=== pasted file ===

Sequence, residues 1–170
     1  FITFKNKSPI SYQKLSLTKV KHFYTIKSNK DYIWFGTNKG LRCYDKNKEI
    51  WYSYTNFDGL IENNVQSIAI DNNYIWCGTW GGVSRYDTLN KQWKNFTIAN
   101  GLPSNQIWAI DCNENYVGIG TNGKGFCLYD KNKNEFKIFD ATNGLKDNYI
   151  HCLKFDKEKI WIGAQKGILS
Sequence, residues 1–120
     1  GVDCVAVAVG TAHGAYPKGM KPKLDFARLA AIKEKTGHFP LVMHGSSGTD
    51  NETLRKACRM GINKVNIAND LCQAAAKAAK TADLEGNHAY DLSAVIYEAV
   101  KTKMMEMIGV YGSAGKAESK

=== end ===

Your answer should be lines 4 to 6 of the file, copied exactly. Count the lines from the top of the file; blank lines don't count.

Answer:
   101  GLPSNQIWAI DCNENYVGIG TNGKGFCLYD KNKNEFKIFD ATNGLKDNYI
   151  HCLKFDKEKI WIGAQKGILS
Sequence, residues 1–120